Government has 68 days to stop universal credit roll-out 'poisoning' January school census

School census data showing how many pupils are on free school meals will be “useless” for the next seven years if the government continues to roll out a new benefits model inconsistently across the country, a social mobility charity has warned.

The government has 68 days to make sure two different ways of ascribing benefits are combined properly so as not to mess up national data on the poorest pupils, according to Impetus-The Private Equity Foundation.

Whereas under the old benefits system, a pupil is eligible for free school meals if their family is on a combined household income of £16,200 or less, that threshold will be much higher in those parts of the country where the new universal credit system is in place.

In areas using universal credit, families will be eligible for free school meals if they have a combined income of up to £55,000.

Now Andy Ratcliffe, chief executive at Impetus, has told Schools Week the two different systems must be urgently brought together before the school census at the start of 2018, because otherwise “two different sets of results” will be produced depending on where schools are located.

The government will have poisoned the well for the most critical measure for tracking the poorest pupils

If the system is not consistently applied by January, the government will have “poisoned the well for the most critical measure” for tracking poor pupils, by adding in those from relatively better-off backgrounds, he said.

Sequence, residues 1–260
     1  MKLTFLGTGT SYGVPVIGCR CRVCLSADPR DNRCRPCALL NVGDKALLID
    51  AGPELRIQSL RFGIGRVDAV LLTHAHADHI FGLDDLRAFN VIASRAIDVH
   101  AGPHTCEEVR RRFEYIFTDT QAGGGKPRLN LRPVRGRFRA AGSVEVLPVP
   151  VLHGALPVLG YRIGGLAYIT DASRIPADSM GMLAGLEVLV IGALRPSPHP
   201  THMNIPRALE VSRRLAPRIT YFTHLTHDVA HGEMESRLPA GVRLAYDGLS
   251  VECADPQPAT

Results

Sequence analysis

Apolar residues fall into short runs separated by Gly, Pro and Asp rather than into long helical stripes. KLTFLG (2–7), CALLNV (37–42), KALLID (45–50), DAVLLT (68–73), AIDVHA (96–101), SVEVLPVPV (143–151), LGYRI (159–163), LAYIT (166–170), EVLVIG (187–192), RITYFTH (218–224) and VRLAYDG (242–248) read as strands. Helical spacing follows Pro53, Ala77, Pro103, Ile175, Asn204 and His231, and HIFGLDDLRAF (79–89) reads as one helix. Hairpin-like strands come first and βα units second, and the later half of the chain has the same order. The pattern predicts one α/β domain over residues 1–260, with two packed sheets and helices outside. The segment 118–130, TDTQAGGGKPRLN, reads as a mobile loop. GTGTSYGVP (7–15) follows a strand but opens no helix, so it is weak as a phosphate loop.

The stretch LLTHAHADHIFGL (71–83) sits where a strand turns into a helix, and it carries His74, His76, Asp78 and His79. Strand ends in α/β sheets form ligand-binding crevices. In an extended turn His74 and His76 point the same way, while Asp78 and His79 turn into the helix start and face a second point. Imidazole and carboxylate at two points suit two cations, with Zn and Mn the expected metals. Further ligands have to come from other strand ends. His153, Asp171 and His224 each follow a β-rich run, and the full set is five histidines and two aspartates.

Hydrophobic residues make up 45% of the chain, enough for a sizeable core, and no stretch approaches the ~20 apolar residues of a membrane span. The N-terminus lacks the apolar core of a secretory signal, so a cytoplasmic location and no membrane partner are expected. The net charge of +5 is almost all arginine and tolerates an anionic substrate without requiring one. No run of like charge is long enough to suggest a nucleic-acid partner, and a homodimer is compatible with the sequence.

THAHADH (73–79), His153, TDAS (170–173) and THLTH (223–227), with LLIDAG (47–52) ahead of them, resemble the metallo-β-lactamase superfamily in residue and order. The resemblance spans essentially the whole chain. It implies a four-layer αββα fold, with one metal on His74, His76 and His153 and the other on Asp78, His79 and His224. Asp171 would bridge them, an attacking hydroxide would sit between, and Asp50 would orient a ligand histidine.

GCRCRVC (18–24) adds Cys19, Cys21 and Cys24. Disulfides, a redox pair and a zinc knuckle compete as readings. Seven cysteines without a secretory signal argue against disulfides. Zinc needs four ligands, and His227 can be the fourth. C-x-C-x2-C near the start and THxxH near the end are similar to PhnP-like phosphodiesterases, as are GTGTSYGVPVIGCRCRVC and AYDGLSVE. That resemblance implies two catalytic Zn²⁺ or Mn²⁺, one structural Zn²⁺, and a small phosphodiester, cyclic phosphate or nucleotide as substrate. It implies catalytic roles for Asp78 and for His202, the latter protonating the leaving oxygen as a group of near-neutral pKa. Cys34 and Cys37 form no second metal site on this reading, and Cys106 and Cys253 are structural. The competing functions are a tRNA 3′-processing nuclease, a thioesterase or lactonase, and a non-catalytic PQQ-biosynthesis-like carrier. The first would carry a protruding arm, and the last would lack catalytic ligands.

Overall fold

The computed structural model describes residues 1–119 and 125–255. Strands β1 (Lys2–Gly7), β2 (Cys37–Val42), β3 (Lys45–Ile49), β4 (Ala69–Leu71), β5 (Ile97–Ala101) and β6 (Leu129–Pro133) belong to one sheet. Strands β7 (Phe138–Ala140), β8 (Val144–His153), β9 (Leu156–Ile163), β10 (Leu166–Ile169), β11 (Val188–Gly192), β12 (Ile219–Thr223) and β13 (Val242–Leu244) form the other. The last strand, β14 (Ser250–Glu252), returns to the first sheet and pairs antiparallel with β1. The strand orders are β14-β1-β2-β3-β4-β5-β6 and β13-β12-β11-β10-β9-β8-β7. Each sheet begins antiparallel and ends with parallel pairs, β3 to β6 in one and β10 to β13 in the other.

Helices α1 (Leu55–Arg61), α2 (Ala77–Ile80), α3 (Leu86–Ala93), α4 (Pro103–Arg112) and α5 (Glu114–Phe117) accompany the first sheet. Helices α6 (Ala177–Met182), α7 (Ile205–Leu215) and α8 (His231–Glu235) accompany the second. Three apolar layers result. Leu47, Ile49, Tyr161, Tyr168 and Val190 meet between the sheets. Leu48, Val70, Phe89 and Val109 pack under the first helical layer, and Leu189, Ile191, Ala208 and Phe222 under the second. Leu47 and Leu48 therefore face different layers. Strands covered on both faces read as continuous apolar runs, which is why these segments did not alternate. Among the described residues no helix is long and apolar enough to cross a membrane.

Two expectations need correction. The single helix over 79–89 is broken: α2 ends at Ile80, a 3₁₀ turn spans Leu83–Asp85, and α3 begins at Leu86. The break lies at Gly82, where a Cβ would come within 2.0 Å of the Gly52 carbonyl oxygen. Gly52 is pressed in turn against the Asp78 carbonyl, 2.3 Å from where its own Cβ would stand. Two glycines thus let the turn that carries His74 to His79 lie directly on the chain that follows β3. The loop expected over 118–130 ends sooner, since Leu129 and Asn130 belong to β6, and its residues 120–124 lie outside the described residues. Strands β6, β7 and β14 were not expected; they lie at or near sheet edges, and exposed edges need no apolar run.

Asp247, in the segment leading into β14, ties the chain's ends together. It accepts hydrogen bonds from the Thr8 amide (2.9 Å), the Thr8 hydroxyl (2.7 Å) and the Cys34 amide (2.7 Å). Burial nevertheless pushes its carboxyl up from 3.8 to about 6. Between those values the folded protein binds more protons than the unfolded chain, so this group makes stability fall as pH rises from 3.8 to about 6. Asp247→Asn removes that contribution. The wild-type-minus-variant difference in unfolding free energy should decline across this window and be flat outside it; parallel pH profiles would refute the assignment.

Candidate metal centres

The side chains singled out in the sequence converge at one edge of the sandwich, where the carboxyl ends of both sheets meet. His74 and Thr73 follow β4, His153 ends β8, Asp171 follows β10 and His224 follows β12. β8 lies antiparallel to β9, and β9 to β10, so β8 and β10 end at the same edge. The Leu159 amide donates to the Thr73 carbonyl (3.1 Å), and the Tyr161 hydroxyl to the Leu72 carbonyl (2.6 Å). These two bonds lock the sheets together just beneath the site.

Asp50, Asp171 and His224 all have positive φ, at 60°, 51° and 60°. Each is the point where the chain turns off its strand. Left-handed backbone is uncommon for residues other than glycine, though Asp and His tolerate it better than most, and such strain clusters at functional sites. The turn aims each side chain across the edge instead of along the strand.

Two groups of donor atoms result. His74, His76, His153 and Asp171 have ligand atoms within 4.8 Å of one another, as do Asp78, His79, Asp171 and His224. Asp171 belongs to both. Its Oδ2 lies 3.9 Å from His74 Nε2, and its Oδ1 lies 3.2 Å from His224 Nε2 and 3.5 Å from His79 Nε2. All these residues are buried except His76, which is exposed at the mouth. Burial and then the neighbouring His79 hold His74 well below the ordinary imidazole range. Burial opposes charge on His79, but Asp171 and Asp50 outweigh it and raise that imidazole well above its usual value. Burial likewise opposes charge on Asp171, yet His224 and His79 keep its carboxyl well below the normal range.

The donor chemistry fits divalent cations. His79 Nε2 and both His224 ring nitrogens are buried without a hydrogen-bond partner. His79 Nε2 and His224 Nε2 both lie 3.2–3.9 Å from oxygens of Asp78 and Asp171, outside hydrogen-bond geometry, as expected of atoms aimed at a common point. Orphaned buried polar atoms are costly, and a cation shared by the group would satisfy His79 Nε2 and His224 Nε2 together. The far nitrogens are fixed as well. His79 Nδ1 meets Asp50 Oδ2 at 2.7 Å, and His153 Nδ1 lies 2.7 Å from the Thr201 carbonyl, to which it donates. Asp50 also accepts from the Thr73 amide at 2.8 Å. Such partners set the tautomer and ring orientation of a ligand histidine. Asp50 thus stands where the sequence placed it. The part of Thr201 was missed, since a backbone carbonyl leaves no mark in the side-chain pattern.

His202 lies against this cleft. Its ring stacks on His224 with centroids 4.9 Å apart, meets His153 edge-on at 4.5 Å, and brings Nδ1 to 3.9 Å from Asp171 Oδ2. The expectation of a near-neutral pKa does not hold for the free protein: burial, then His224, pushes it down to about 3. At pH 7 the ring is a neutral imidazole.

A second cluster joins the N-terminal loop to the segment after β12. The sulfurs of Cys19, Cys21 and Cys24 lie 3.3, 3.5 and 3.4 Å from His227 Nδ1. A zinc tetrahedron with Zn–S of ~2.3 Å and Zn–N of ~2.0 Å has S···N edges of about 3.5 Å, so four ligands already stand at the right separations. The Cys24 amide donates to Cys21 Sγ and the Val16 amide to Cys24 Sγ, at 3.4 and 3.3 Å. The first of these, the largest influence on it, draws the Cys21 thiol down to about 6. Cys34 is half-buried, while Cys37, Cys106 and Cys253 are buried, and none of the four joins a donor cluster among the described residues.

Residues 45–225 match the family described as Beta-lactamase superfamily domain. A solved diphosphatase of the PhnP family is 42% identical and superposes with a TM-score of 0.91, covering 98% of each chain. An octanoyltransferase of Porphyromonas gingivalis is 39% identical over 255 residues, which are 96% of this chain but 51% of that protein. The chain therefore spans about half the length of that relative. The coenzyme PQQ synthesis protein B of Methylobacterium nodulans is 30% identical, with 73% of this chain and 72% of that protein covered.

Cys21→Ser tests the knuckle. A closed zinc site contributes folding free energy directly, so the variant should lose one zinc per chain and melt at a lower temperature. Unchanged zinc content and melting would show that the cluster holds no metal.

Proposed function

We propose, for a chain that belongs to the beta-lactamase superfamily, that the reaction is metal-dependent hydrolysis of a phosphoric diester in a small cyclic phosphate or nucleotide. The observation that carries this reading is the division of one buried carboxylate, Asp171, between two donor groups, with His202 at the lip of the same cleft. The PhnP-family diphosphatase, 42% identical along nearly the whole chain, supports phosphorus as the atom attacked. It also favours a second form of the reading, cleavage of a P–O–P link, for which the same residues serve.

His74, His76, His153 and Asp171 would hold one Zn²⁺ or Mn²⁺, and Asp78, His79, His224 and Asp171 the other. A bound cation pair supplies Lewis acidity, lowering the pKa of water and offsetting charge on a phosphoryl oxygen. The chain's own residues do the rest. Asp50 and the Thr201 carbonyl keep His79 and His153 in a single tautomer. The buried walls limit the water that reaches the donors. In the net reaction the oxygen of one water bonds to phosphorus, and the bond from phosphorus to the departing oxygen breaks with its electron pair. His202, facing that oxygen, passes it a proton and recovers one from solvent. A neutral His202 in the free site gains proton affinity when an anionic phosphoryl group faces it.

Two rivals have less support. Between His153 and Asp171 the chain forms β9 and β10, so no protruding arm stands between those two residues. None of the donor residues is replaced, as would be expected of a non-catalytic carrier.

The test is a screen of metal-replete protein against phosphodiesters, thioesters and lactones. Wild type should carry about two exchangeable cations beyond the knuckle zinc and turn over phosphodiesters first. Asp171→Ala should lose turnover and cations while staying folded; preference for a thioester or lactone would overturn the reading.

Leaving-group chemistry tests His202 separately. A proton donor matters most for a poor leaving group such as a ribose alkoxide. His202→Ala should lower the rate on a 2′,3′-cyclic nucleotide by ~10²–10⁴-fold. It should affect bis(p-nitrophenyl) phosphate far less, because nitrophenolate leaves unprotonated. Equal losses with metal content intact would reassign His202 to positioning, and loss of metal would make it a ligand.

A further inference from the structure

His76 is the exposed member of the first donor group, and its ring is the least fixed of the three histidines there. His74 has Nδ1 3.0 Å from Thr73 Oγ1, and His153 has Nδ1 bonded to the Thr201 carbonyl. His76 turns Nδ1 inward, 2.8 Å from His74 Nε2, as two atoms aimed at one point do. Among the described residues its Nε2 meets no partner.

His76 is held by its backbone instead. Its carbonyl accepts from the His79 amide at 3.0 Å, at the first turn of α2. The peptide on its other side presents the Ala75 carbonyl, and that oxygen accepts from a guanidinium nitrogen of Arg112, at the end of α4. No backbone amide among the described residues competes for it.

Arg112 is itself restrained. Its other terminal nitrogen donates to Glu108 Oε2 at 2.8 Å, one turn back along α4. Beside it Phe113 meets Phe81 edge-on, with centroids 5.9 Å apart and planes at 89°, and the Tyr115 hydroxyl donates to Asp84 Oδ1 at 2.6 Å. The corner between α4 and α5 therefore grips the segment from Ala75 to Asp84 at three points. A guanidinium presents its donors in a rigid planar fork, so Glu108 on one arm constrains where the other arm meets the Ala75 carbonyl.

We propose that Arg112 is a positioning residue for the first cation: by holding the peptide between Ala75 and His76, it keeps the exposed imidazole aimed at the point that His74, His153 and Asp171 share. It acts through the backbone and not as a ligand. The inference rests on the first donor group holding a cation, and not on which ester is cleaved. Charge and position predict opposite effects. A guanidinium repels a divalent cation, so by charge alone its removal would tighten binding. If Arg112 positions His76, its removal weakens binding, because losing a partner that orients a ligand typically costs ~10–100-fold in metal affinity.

This discrepancy will make comparisons of populations of free school meal pupils between local authorities “useless” until at least 2024, his charity has calculated. It will also cost the Department for Education an extra £1.5 billion in pupil premium funding for all the new families who will qualify.

The roll-out of free school meals under the new system of universal credit will take place in stages across the country between now and 2022, a DfE spokesperson confirmed.

For instance, certain areas such as Oldham and Burnley are already using the new system while other places, such as Rochdale and Clacton, are still using the old benefits system.

Indeed, according to the government’s timetable for the roll-out of Universal Credit, just over 80 councils will have the new system before January – while all the rest will still be waiting.

Ratcliffe, who is also a former education adviser to Gordon Brown, said the government caused the problems with universal credit because of the “complex” way it has tried to combine a number of different benefits within the model.

By including in-work tax credits with other benefits, the government has “tapered” eligibility on a sliding scale to include households with a combined income of more than £50,000, he said. Even if a family are only eligible for a tiny tax credit, they will be defined as receiving universal credit and so will be automatically eligible for free school meals.

Schools in some parts of the country will suddenly find they can’t request as much funding for pupils defined as on “free school meals” as others, said Ratcliffe.

Ofsted judgments would also be affected, since inspectors consider the proportion of pupils on free school meals in their assessments of a school’s performance, he said.

John Fowler, policy advisor at the Local Government Information Unit, said the situation was a “mess”. The government should use historic data on free school meals until the new system “settles down” and ensure no school loses in cash terms in the meantime.

But the DfE defended the gradual roll-out of universal credit, saying the new system was still “under review”.

A spokesperson added: “As universal credit is rolled out, we will ensure the families who need it most continue to receive this support.

“We will put forward detailed proposals in due course.”